With a view to the IV Summit of the Americas
With less than two months remaining before the IV Summit of the Americas to be held in Argentina and following the conclusion of the preparatory Regional Civil Society Forum, Transparency International (TI) highlighted the prime opportunity of governments in the hemisphere to illustrate their genuine commitment to implement measures aimed at strengthening governance and the fight against corruption in their respective countries.
Governments now have in hand the tools to commit to the fight against corrupt practices and to increase democratic participation, should they wish to strengthen governance. But their commitments to citizens must be genuine”, said Miguel Ángel Peñailillo, Regional Coordinator of TI’s Anti-Corruption Conventions Programme, at the Civil Society Forum in Buenos Aires.
The theme of this year’s Summit –the creation of jobs to alleviate poverty and strengthen governance– must address the demand for transparency and good governance. Corruption constitutes a serious threat to the stability of societies, to their democratic development and, most of all, to their economic growth. Poor allocation of public resources has a direct negative effect on the most vulnerable segments of society, and is one of the main obstacles in the fight against poverty and job creation in the region. In Argentina, for example, where the percentage of poor persons (households) hovers around 40 percent, or in Bolivia where six out of ten citizens live in poverty, resource allocation must be closely linked to policies of transparency and the fight against corruption.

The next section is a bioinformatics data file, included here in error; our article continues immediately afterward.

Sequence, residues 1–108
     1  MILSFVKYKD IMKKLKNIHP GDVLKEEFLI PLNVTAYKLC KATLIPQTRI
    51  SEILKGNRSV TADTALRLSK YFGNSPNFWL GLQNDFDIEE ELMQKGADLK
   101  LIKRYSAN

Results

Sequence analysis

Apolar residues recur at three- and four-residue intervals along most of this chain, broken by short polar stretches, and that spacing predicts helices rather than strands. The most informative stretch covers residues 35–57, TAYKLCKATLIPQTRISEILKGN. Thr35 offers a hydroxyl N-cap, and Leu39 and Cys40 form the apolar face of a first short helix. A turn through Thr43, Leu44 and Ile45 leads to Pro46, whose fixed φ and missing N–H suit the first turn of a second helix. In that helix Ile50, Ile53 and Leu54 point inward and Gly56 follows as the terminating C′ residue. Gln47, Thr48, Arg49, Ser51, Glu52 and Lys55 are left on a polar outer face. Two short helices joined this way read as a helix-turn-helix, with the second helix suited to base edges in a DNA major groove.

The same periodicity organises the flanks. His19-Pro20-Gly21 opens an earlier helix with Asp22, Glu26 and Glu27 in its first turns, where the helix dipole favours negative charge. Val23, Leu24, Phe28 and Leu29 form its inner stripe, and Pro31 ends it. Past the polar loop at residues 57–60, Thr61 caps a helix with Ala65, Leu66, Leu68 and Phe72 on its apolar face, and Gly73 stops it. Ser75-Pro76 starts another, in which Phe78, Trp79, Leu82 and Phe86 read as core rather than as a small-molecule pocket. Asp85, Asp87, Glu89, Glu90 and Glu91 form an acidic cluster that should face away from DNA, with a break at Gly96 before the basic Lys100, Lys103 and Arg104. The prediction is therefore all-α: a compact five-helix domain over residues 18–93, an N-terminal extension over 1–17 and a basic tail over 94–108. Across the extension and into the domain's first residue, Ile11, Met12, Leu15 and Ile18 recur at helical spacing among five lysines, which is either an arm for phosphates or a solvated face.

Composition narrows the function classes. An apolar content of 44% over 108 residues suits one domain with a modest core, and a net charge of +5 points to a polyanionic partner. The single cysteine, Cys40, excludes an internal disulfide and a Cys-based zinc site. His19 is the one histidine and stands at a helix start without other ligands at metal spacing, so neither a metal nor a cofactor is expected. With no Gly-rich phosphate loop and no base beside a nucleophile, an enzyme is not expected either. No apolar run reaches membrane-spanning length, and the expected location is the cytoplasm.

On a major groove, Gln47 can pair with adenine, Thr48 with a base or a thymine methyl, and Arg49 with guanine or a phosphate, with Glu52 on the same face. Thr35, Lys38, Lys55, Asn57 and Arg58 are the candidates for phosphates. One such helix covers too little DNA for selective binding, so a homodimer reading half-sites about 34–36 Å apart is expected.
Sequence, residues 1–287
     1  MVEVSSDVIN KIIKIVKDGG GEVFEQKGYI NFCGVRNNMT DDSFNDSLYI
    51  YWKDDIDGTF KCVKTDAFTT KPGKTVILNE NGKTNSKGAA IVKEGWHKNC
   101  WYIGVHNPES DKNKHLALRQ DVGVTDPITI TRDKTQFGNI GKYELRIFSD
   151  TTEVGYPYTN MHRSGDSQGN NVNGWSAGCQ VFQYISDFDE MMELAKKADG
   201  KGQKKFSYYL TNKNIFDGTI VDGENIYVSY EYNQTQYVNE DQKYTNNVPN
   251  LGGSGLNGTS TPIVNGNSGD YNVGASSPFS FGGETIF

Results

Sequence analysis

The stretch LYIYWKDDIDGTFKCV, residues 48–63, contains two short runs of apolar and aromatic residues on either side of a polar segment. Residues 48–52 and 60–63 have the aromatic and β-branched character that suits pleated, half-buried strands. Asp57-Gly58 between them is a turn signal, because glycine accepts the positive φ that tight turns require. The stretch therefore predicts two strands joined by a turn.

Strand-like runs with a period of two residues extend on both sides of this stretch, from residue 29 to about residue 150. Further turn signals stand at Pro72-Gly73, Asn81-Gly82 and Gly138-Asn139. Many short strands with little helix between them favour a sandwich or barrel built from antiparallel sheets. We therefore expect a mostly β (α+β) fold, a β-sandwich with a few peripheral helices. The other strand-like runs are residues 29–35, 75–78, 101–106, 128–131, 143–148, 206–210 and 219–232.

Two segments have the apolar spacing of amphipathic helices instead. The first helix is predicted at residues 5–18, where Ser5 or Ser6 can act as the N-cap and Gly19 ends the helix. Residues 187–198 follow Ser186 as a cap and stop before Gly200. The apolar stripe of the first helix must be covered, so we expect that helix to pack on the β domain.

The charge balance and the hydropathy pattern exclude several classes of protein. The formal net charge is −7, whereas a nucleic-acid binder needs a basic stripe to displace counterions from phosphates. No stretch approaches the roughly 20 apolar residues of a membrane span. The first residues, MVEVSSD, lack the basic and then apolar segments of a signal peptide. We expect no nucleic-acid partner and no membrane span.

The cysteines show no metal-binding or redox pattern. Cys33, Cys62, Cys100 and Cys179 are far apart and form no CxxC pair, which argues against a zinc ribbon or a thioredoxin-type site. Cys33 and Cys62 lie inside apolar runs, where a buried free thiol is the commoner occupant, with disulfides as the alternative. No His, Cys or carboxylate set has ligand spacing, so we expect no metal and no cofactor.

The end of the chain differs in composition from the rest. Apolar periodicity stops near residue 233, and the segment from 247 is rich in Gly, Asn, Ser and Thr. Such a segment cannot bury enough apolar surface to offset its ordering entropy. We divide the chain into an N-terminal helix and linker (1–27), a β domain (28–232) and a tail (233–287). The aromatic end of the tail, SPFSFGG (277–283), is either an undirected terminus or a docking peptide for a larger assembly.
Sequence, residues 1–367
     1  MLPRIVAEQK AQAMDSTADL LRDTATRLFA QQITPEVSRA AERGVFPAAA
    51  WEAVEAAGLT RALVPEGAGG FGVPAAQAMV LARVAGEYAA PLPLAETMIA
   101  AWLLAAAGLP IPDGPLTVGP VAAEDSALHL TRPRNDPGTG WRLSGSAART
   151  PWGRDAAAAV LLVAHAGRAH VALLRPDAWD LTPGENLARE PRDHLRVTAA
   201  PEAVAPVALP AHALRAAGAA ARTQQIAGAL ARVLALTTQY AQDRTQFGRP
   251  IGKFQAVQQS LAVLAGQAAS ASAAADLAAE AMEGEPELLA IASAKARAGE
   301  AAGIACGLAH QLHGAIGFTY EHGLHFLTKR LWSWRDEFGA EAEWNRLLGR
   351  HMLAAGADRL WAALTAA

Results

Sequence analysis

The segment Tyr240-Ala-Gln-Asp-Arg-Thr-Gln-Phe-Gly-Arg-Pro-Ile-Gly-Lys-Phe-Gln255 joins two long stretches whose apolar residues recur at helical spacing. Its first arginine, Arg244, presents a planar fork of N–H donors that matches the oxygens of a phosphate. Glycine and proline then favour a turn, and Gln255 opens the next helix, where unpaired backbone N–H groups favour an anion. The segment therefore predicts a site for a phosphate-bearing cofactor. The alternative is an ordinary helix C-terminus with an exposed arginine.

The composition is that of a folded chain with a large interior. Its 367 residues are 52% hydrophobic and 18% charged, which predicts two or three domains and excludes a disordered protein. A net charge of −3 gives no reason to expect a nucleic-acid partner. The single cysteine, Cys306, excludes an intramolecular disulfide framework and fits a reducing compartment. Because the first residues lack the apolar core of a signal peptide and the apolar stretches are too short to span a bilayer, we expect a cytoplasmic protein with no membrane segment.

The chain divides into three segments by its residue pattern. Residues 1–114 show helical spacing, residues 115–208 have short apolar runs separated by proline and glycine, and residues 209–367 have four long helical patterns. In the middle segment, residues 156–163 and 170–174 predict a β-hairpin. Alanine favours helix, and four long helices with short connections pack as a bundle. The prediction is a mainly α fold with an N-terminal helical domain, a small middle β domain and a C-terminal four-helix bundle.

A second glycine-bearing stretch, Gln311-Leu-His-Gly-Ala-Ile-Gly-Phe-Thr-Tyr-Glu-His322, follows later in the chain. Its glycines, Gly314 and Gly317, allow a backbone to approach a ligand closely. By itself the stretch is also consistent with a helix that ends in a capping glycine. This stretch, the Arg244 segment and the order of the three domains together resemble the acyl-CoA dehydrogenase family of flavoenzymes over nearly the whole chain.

For two days, more than 80 civil society organisations in the Americas debated and reached consensus on the wording of the document they presented yesterday to the delegation of member countries of the Organization of American States (OAS). The recommendations made included those drafted by TI’s National Chapters in the Americas:
- The fight against corruption, and specifically against bribery, should be promoted in corporate responsibility initiatives;
- Policies, mechanisms and standards of transparency that will strengthen labour administrations with a view to creating jobs should be put in place; and
- Permanent mechanisms to assess implementation of the commitments undertaken at Summits should be established.
The Final Declaration of the IV Summit of the Americas should not disregard the commitments relating to the fight against corruption already undertaken upon ratification of the Inter-American Convention against Corruption (IACAC). In Berlin, Silke Pfeiffer, Regional Director of TI’s Americas Department, stated that, “the Summit provides a unique opportunity for the governments to give an account of advances made in implementing the Convention.” She added, “strengthening and ensuring transparency of the Follow-up Mechanism for the Implementation of the IACAC and establishing mechanisms necessary for civil society to have a formal role in which to participate, is vital to illustrating the political will needed.”
As 2006 will be the Inter-American Anti-corruption Year, this Summit can assume a role of leadership and ensure compliance with the provisions of anti-corruption conventions applicable to the hemisphere. Since 1996, TI has been active in the summit process by putting forth anticorruption proposals and emphasizing the need to promote, ratify and implement the IACAC and the United Nations Convention against Corruption.
TI is the leading global non-governmental organization devoted to the fight against corruption.
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